For the ball sequence, Selznick had an unusual request for Newman. The music temporarily shuts this world out, bringing the spectator deeper into the private sphere of the romantic couple. Though prompted by Selznick, Newman was clearly pleased with his elegant solution. He would repeat the device in other films involving romantic couples on the peripheries of dancing or chattering crowds, including Wuthering Heights and Foreign Correspondent Copyright Renewed.
All Rights Reserved. International Copyright Secured. Newman also incorporated preexistent classical works by J. Newman said—facetiously to be sure, but nevertheless importantly—that after all he was working for Goldwyn first and for us second. The M-G-M version is an uncanny replica, with most of the lines and camera angles copied, though with a different cast and in Technicolor. At other times Selznick would rankle when he suspected Forbes of siding with composers and against him. Most of the time Forbes occupied the unenviable position of middleman, well aware that his survival depended on an ability to assuage, encourage, and occasionally manipulate employer and employees see figure 3.
Figure 3. Courtesy of the David O. An integral element of the post- production process of American feature films, it survives only in its role for audience previews. Although it is not clear when the practice of using preview scores began, Selznick was not the only practitioner by the late s, although he appears to have relied upon it more heavily than other studio departments. As William Rosar states: Gilbert Kurland, who was for a time both music and sound supervisor at Universal in the s told me that they regularly previewed their films with temp tracks, and that sometimes the music worked so well, that they just kept it in the film.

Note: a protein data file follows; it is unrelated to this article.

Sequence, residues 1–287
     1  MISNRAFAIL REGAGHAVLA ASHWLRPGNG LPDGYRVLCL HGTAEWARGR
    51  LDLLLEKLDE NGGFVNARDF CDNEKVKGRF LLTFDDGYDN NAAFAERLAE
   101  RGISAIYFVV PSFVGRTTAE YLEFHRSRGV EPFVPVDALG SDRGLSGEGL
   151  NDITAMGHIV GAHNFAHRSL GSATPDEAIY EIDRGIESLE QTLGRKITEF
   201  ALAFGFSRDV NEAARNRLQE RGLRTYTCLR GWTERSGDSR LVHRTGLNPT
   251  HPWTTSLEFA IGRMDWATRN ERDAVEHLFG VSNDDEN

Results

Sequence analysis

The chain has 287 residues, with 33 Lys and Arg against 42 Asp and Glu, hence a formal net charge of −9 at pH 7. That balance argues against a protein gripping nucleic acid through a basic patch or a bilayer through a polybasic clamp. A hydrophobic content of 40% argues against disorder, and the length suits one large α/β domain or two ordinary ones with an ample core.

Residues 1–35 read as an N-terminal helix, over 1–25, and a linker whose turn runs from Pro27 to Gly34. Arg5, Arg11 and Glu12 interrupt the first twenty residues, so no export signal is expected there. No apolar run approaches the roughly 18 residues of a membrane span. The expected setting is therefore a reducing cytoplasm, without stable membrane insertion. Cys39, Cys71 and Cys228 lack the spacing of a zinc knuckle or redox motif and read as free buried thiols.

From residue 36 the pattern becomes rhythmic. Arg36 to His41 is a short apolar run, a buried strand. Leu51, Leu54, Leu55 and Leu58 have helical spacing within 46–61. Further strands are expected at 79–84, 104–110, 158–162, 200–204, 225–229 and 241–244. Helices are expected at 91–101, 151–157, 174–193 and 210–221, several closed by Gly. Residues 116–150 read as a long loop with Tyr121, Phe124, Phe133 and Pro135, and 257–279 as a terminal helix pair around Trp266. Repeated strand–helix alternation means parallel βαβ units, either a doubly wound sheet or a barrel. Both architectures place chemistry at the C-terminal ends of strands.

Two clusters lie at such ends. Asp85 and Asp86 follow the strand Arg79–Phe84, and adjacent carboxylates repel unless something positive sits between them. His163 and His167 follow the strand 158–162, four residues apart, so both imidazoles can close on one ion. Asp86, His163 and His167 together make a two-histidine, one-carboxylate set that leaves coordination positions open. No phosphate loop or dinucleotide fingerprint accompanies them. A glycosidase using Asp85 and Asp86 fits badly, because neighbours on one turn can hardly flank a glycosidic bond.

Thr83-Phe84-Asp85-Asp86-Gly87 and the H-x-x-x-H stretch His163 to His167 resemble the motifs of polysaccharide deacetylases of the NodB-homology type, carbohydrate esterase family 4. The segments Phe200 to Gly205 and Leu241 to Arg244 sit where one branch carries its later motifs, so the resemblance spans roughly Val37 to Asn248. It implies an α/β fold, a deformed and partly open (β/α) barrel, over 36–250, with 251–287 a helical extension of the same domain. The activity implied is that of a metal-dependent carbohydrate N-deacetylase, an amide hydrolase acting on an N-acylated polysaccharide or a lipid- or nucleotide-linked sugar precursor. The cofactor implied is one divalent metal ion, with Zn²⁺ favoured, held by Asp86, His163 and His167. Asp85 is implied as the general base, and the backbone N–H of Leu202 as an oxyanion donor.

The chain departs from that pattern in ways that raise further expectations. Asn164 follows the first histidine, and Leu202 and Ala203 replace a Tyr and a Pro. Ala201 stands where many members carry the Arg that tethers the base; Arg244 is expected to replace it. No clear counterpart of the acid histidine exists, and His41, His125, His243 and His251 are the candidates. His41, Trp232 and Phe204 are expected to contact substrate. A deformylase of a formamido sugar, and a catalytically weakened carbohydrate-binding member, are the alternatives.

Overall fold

It would appear that they would then also hire a composer to write additional cues as well. Waxman actually interpolated one of his own themes into the cue and they rerecorded it new for the picture. Arthur Morton told me how he temp tracked Hunchback of Notre Dame with recordings of Shostakovich, Vaughan-Williams, and Hindemith, and it worked so well that it was a hard act for Newman to follow. Newman was angry and told him to never do that again! E-mail communication from William Roar to the author, 22 July Studio producers and directors rested easy knowing a small army of musicians could be summoned to quickly write, arrange, perform, and record any music needed for their films.
These music departments were elaborate operations intended to handle a high volume of films. The idea of Selznick supporting a bevy of musicians while only releasing several films a year was fiscally preposterous, but working without a music department was problematic—especially for Selznick. In most cases, the producer had to borrow talent from the major studios. His closest tie was to Warner Bros. A small number of composers, like Dimitri Tiomkin, freelanced, which meant Selznick could hire them without having to pay additional fees to a contract-holding studio.
Inevitably, though, Selznick had to pay more for his music than the studios did for theirs. An expensive music bill became more expensive because Selznick was more committed to getting the desired musical effect than balancing the budget. It was a philosophy that did not just extend to music, as Selznick boasted: Put me in the automobile business and I would be as well an organized executive as you ever saw, but success in the picture business lies in deciding when to be a showman and when to be a perfectly operating official.
When these aims conflict I have long since learned that the only intelligent choice is to be a showman. Yet even though Selznick was interested more in musical results than the budget, he became increasingly frustrated with the strictures of hiring from the studios and the steady buildup of unanticipated expenses. I still think, however, we need a great score for this picture.